8. Tell me about a time you screwed up.
It's not about how many times we fall down, but how many times we get up, right? Talk to your interviewee about a time when they made a mistake. What was the situation? How do they describe their role in it? Is there a sense of responsibility there? What did they learn from it? These answers can reveal a lot about their character and their ability to grow from trying times.
9. What is success for you?
This one really gets into their psyche! When determining the right fit for your team, it's helpful to know how a person defines success. Is their goal entirely personal? Would they need others to reach it? Does it involve a greater purpose? Is it monetary? Is it title-based? Is it something they can achieve at your company? What qualities can this person add to your company culture? Remember, the interview is as much about them seeing if you're the right fit as it is seeing if they are right for you.
10. When do you feel most creative?
Creative people like to feel, surprise, creative! They are often in the jobs they are in because it is scratching their creative itch in some way. And part of your job is doing everything you can to foster that. So, pay attention to what they say here. Maybe it's more of a freeform schedule. It could be time to be creative outside of work. Or having regular powwows with other creatives. These insights may inform how you structure your team or extras you may offer in the future.
11. What brands do you admire?
You want people who are interested in their field. And for creatives, that's checking out how brands do things. For a writer, maybe it's a brand with a very strong messaging platform, like Patagonia. A marketer might love how Glossier basically grew a brand on Instagram. A designer might be drooling over Spotify. A developer may tell you about a site that's coded in a way they'd never seen before. On a basic level, it's also a chance to assess taste. Do you also like these brands? If not, that's something to think about.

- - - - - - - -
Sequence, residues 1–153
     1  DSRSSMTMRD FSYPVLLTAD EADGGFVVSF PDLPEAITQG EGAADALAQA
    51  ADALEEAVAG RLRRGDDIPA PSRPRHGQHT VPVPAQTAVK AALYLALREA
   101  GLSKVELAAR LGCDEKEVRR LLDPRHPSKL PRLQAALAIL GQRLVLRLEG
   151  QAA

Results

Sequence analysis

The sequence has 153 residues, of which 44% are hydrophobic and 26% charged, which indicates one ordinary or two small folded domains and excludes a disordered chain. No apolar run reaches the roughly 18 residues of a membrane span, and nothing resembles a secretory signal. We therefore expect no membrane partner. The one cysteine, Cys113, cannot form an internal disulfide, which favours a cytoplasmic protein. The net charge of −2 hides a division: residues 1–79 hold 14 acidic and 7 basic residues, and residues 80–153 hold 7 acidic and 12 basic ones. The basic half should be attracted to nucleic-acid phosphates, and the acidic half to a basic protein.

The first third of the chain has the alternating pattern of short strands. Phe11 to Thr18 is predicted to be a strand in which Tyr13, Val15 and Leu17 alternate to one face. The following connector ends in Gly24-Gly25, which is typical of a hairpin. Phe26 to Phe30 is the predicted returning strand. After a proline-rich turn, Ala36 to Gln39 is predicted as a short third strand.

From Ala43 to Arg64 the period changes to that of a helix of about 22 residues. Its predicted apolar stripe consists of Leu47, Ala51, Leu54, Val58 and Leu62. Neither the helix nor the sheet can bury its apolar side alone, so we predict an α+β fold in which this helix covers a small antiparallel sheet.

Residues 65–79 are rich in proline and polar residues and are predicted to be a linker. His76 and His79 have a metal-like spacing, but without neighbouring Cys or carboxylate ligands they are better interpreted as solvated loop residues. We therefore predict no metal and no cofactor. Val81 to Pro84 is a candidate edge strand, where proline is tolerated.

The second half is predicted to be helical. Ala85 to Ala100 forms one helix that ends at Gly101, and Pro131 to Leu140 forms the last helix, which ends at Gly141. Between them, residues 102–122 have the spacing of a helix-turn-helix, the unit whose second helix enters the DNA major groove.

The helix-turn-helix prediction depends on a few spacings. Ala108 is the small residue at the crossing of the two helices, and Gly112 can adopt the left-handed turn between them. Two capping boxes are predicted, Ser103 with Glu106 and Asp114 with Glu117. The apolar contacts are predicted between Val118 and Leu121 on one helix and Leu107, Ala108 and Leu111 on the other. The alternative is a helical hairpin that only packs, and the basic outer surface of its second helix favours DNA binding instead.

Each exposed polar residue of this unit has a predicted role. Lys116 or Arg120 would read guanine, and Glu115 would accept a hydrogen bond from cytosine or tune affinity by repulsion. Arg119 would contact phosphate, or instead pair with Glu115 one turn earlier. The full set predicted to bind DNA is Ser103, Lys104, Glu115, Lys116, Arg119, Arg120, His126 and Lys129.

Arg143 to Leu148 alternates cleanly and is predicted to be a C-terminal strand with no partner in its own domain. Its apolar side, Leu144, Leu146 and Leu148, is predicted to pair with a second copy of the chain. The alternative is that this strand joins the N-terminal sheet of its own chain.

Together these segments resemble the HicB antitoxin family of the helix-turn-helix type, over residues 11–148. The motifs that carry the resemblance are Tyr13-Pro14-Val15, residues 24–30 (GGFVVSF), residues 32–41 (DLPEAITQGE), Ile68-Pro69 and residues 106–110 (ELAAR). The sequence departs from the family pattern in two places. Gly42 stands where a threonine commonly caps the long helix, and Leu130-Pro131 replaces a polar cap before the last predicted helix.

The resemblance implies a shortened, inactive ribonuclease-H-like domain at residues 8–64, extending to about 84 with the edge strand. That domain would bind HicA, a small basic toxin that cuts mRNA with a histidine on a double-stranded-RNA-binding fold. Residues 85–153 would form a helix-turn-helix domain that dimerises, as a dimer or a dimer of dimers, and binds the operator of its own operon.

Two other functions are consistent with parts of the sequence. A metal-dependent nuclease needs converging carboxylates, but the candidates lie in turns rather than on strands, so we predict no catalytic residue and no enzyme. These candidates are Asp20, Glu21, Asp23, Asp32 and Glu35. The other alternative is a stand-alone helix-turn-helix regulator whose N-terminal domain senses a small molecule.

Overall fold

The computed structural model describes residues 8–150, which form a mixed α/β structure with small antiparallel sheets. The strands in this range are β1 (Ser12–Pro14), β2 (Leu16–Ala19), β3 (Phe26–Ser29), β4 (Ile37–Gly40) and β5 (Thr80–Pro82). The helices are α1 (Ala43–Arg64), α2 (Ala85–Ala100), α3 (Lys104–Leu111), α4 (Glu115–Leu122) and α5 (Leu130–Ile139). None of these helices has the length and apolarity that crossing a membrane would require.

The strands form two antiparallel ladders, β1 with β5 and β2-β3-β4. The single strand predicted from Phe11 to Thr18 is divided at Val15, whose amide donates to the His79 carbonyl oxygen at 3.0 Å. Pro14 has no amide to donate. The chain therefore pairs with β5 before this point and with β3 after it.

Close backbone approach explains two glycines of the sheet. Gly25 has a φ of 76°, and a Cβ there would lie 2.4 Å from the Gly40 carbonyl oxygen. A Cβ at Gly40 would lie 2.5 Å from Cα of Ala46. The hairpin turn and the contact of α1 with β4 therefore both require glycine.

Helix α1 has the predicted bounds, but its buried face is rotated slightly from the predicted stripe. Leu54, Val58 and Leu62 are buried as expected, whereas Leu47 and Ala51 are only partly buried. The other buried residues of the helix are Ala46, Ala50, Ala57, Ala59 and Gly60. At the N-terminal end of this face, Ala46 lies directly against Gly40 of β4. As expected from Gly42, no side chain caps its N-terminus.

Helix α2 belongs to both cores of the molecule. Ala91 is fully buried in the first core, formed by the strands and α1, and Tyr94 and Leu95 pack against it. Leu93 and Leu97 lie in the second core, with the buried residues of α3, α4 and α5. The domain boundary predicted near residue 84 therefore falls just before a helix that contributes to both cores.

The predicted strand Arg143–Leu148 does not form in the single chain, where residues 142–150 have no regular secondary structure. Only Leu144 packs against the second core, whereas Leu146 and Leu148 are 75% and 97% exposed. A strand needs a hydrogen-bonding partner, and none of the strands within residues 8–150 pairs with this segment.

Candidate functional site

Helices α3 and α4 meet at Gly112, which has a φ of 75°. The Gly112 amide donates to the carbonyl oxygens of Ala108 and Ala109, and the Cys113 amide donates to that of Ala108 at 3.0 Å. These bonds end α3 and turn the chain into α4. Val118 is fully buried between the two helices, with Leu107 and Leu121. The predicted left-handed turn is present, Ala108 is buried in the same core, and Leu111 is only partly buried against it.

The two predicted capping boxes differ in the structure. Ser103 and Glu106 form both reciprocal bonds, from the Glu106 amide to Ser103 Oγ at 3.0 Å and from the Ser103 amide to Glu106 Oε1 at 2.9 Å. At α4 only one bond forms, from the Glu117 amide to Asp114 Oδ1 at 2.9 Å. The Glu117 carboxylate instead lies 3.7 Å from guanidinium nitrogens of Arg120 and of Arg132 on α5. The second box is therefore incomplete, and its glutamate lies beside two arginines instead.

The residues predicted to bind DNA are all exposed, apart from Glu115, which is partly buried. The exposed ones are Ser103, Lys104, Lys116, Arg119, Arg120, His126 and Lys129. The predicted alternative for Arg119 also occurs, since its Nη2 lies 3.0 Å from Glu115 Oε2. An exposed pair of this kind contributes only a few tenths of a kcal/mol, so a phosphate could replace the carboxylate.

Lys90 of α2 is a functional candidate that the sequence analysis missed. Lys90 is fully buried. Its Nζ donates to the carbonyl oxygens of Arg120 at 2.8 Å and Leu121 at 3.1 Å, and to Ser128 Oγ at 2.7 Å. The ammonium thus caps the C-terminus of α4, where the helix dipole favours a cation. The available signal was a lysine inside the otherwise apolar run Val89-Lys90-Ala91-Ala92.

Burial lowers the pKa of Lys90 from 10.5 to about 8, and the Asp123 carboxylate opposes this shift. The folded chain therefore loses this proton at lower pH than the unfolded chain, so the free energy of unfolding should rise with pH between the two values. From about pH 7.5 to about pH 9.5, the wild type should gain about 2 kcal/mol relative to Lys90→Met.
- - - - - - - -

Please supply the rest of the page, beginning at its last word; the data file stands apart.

12. Ok, show me what you've done.
It's the most obvious question when assessing creatives. But as you walk through the eye candy, think about the substance behind it too. Sure, you want to see their beautiful layouts or code examples, but you want to know how they got there. What role did they play? Who came up with the concept? Are they more ideas or more execution? Did they meet the deadline? Are they methodical? A free spirit? In short, you want to like their work and how they work.
13. Insert very technical question here.
14. Do you have any questions for me?
An oldie but a goodie. Because a smart interviewee has learned more about your company from the questions you just asked than from anything they Googled ahead of time. So, tell them it's their turn to do the asking. You'll learn a lot about them from what's on their mind right then.
Need a hand hiring?
Searching for and finding the right person for the job is a job in and of itself. And we won't even mention how time-intensive interviewing can be. Give us a shout if you'd like help bringing in fully vetted talent—contact us here, or call (617) 535-5000.